Maker: St Mary & St Julian, Maker
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Welcome to the parish church of Maker: St Mary & St Julian in the Anglican Diocese of Truro and county of Cornwall England.
The parish of Maker with Rame has 3 churches - Maker, Rame and St Andrew's in Cawsand. The latter is known as a Chapel of Ease.
The name means a stone wall, a ruin, in Cornish, but another Celtic name is Egloshayle, ‘the church on the estuary’, and the tower is still a landmark commanding the Tamar estuary.
In their western advance across England the Anglo-Saxons halted at the Tamar but in AD 705 King Geraint of Cornwall gave the promontory on the Cornish side of the mouth of the Tamar, roughly from Kingsand to Millbrook, to Sherborne Abbey (which held much western land on behalf of the kings of Wessex) to keep control of the Tamar mouth in Saxon hands. This was royal land when the Normans came and remained in Devon until 1844. The Normans installed the Valletorts as tenants of most of the land controlling the mouth of the Tamar, including Maker. From them Maker passed by marriage to the Durnfords and then the Edgcumbes.
THE CHURCH is first mentioned in 1121 when it was given to Plympton Priory. On the Dissolution of the monasteries the right of appointing the vicar was taken by the Crown. There were earlier churches built on this remote site, to be near the holy well of a 5th century Cornish saint. A little chapel was built over the well in the 14th century and dedicated to St. Julian, patron saint of ferrymen. The little chapel is still hidden in the woods, close to the road leading up from Cremyll ferry. We do not know who the Celtic saint was, probably a follower of St. Samson, perhaps St. Sulian. At any rate the church is dedicated to St. Mary and St. Julian; possibly a mix of the ferry saint and the Celt.
The present church building is a typical 15th century Cornish church. It was a time of much rebuilding in the county, churches designed for preaching the word (the influence of the Lollards) rather than stressing the liturgy. The aisles are the same length as the nave and there is a massive western tower. The Edgcumbe chapel was added in 1874.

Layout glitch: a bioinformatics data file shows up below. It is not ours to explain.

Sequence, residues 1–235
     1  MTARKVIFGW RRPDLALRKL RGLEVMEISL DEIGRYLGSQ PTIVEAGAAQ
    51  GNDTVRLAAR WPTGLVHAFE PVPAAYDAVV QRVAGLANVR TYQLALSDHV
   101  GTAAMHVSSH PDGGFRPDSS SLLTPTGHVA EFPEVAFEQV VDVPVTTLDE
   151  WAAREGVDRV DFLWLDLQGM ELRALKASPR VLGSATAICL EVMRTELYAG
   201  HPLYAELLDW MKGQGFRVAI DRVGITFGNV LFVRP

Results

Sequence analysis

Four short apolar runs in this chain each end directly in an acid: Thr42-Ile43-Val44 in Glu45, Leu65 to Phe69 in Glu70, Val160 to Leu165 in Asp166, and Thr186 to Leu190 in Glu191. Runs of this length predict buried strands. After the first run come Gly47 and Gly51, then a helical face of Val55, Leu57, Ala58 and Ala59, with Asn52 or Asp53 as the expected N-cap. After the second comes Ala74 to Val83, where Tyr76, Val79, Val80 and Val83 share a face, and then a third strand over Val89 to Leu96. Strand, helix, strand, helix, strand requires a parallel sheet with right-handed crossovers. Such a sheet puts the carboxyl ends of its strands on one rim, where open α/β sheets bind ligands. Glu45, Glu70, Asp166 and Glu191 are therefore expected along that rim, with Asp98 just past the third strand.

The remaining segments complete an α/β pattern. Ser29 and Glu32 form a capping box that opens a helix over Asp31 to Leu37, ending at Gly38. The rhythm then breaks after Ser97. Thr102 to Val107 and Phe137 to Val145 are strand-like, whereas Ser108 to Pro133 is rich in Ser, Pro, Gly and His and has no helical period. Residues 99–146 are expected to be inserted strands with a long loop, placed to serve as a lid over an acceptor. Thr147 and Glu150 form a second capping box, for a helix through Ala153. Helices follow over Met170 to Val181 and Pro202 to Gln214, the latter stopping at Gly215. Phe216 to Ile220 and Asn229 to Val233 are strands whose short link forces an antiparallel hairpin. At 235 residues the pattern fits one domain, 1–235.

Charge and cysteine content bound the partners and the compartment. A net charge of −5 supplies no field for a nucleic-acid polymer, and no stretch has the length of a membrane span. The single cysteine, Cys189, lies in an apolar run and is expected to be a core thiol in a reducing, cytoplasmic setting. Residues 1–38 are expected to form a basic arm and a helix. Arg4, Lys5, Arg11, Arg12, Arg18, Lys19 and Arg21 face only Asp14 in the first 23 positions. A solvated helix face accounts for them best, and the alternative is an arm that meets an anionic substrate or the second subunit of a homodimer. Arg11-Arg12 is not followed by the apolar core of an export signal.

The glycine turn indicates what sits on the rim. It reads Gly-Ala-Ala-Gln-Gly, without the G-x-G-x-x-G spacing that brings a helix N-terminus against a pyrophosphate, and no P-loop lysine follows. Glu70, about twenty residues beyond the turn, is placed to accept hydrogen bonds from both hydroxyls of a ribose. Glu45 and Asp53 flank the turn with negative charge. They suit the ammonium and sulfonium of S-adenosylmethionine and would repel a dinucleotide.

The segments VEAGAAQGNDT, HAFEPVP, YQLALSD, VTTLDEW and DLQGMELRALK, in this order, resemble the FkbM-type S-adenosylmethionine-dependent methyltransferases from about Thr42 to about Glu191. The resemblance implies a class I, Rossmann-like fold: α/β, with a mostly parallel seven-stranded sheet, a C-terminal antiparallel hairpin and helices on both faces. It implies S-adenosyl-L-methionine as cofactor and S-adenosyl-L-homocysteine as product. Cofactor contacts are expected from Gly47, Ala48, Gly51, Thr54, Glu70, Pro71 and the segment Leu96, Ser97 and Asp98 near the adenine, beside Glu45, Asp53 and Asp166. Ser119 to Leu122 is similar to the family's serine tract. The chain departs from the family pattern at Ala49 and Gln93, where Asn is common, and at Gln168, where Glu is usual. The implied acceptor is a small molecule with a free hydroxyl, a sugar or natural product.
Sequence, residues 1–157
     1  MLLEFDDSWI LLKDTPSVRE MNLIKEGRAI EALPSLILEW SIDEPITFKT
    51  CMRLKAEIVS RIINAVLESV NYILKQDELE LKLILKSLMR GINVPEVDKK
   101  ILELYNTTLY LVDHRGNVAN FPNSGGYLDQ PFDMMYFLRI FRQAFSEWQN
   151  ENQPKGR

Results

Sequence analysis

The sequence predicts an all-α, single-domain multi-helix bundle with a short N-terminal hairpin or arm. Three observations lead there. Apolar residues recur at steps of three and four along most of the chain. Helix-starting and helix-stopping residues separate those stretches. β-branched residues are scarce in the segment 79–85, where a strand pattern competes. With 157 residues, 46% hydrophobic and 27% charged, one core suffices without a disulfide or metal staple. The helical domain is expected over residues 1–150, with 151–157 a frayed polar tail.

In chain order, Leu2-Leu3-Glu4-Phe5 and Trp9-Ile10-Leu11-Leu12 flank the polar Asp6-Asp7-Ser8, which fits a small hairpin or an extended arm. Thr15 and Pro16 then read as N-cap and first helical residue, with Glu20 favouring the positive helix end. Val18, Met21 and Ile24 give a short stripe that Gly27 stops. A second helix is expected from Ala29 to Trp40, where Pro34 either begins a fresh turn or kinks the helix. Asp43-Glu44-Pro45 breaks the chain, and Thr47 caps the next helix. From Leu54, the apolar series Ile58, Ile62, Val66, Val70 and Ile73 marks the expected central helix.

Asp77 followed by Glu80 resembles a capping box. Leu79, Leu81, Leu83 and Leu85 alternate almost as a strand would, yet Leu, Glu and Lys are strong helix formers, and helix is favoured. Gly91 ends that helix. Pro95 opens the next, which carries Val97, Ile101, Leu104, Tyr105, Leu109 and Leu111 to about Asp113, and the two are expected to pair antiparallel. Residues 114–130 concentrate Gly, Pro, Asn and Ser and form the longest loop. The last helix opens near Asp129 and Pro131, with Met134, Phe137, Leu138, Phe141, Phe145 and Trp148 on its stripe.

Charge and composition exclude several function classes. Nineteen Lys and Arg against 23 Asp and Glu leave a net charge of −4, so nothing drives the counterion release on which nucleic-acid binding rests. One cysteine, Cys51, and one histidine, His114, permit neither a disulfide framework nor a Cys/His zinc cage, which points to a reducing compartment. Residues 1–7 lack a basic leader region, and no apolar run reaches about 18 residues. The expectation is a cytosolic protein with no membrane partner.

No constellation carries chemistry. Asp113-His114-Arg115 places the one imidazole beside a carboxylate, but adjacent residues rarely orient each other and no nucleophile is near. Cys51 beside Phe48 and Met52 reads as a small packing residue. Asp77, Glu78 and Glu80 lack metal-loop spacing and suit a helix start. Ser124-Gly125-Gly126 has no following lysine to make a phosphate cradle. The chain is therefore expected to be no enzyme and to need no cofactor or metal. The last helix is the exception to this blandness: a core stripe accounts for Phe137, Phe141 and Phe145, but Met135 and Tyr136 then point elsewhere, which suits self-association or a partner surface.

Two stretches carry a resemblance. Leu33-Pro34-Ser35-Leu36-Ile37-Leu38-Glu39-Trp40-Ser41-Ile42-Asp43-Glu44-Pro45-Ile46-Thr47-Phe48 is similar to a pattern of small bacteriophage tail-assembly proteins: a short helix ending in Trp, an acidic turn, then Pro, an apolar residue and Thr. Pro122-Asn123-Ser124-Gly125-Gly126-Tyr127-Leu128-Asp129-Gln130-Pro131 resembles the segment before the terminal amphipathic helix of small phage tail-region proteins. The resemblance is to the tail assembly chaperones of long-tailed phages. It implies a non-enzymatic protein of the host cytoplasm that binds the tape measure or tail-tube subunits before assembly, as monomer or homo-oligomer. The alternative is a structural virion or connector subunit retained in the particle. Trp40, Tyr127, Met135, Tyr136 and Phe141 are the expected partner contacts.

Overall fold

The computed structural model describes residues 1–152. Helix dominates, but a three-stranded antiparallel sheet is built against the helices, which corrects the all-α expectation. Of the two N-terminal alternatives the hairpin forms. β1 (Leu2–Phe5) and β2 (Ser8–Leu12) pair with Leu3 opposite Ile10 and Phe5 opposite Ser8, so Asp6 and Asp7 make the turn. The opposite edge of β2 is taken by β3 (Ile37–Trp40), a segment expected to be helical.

To establish churches nearer people’s homes, various chapels were established in the 19th century in Kingsand, and finally St. Paul’s in 1882. It is now the Church Hall.
The name means ‘the high protruding cliff, the ram’s head’, from which the hamlet and parish take their name. The little chapel of St. Michael on the summit of Rame Head, licensed for Mass in 1397, is probably on the site of a much earlier, Celtic, hermitage. Earl Ordulf, owner of vast estates in the West Country and uncle of King Ethelred, gave Rame to Tavistock Abbey (which he had founded) in AD 981. Over the centuries the manor passed to the Dawneys, the Durnfords and finally the Edgcumbes.
As early as 1486 Plymouth was paying a watchman at Rame to maintain a beacon there to warn shipping and to bring news to Plymouth of important ships, such as the return of the Newfoundland fishing fleet in 1543.
THE CHURCH is dedicated to St. Germanus, the fighting German bishop who is supposed to have landed in the neighbourhood when he came to England to suppress the Pelagian heresy in about AD 400. It is all built of rough slate. The first stone building was consecrated in 1259. The slender, unbuttressed tower with its broached spire (an unusual feature in a Cornish church), the north wall, north aisle and the chancel are all probably of this date, when the church was cruciform in shape. The south transept went in a 15th century extension with a south aisle and arcade added, and some new windows. The south aisle wagon roof is original, and some pews survive from the 16th century, with Devon- style tracery on the bench-ends. There were restorations in 1848 and 1886, when slates replaced the stone-shingled roof. The church still has no electricity, and is lit by candles.
Cawsand was in Rame parish (while Kingsand was in Maker) and the moves to establish a church nearer the people eventually led to the building in the village of St. Andrew’s Church in 1878. Since the two parishes were united in 1943, St. Andrew’s has continued to serve as the church in the village.
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The current editor is: Pauline Turpitt